Practical Software Measurement

When Estimating IT Projects and Portfolios, You’re More Mature than You Think

Software Estimation Maturity

In talking with many organizations about their IT estimation practices over the years, I’ve noticed a recurring theme has been their self-perception of immaturity when addressing the use of a commercial estimating tool. Estimates in the workforce are typically generated via the Delphi method, multi-tabbed spreadsheets, and uncalibrated guesses.  When recommending a top-down tool approach, the feedback can be: “we aren’t mature enough to use a tool or model.” 

I’ve actually seen the opposite.  The top-down approach offers an on-ramp to more formal estimating by its very nature of needing few inputs, rather than the myriad of cells, rows, and columns required to be populated in a spreadsheet.  A top-down tool approach leads us away from relying on the institutional knowledge of a few people that may have relevant experience, but one day may retire or move on from the organization taking that knowledge -with them.  Also, a parametric top-down approach leveraging relevant historical data is much better than a wet thumb in the air.

Maturity can have different “faces.”  It can be formal and wide-ranging, as it was in the old CMM.  In the mid-1980’s, the CMM (Capability Maturity Model) was introduced via a study funded by the USAF to understand why a recent round of projects overshot their schedules, budgets or ultimately abandoned.   This was an attempt to instill compliance, validation, and guardrails for measuring software development maturity.  The CMM (now CMMI) is still practiced, but to a lesser degree in the wake of other methods. Even so the idea was to foster a general consensus of what maturity looked like to the DoD.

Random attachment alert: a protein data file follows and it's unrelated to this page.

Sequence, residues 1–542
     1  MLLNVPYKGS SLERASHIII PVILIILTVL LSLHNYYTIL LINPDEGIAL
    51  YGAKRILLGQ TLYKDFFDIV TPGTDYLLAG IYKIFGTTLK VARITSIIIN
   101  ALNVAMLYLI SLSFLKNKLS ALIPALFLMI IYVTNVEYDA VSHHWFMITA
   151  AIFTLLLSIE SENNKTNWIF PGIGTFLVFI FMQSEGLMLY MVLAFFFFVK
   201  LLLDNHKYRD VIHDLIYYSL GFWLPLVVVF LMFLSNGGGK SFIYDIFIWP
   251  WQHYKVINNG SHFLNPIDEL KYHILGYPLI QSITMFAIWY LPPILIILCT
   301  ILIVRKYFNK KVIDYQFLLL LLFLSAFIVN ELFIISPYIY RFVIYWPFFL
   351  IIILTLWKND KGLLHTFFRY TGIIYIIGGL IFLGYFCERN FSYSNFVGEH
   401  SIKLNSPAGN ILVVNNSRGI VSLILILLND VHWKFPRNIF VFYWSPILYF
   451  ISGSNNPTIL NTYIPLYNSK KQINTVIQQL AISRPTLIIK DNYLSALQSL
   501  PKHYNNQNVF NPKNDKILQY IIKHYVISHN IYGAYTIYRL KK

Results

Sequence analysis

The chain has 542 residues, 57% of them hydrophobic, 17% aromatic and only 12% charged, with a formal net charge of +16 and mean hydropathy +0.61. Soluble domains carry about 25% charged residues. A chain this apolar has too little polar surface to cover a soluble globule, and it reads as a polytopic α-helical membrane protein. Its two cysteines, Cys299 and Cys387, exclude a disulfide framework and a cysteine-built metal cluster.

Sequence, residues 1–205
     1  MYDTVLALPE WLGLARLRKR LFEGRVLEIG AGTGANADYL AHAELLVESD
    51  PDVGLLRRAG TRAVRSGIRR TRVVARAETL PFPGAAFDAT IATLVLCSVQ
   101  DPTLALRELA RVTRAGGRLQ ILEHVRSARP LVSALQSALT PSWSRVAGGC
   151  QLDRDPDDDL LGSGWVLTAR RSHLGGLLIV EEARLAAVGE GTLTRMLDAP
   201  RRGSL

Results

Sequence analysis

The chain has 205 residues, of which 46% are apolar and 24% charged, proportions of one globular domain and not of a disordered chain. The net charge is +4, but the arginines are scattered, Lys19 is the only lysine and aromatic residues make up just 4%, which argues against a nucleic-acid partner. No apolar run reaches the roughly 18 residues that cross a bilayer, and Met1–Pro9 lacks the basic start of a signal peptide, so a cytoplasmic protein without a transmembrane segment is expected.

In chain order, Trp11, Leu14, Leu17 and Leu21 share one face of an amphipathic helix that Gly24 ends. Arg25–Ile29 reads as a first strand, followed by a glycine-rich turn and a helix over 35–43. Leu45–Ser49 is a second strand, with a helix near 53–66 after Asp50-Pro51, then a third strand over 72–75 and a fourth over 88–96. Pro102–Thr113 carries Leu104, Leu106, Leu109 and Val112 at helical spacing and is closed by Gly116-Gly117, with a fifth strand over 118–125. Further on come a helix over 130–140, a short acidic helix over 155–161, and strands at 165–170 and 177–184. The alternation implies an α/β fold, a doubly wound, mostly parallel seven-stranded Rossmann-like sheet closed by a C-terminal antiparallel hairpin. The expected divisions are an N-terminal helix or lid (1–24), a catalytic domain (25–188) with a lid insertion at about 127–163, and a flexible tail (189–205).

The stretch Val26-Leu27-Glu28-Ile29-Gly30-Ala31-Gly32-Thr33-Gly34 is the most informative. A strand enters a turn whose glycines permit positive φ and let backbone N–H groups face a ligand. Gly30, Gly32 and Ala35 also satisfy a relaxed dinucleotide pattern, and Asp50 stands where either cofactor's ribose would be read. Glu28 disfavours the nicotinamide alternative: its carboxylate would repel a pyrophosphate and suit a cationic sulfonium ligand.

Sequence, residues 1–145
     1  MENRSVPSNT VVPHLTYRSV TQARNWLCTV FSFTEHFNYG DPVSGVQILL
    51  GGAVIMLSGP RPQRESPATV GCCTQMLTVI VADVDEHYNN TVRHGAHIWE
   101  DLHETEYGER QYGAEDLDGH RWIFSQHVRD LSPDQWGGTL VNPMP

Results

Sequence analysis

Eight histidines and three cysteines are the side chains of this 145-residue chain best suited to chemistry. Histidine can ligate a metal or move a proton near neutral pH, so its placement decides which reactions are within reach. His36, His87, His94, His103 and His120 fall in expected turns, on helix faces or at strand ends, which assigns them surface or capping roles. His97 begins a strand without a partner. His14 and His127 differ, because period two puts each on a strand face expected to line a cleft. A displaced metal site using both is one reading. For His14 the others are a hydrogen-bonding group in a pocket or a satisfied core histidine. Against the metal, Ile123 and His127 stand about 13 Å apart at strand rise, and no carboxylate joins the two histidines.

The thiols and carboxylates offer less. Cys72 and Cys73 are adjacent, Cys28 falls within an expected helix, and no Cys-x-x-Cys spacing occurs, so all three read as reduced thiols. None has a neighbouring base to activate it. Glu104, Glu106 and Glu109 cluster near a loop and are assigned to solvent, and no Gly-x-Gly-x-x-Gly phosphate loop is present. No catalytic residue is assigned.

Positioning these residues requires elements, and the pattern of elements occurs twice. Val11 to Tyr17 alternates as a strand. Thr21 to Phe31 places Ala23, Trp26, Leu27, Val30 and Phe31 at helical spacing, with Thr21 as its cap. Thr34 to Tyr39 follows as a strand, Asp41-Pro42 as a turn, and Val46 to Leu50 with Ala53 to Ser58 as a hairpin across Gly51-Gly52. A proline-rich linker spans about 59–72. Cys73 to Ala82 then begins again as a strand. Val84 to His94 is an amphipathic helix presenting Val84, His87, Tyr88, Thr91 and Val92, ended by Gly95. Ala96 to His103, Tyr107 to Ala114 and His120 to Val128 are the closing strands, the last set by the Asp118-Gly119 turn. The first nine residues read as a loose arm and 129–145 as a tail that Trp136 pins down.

Or it can be informal and centralized.  A top-down tool approach fosters a repeatable and transferrable capability that can be achieved by one, a few, or many people supporting the development organization.  Let the tool do the heavy lifting for you - the small number of inputs coupled with the calibration of historical data and tool algorithms drive down the need for being as mature as one might assume. Like with everything else in life, the more we do it, the better we become.

A top-down tool approach is inherently simpler than the aforementioned manual techniques, requiring less expertise by the estimator and less data to input.  I’ve supported many clients that initially had a preconception that their organizational maturity was too low to use a top-down tool. Then, after generating realistic and defensible estimates, they realized they had the maturity all along.  What they once thought of as maturity obstacles, such as learning curve, user expertise, and time needed to become self sufficient on the tool, all went away after adopting the top-down approach, largely due to its simplicity.

Of course, all of the above is relative to the nature of estimating.  It can be a complex endeavor, but I’d submit that a top-down tool approach offers a less daunting introduction.

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Estimation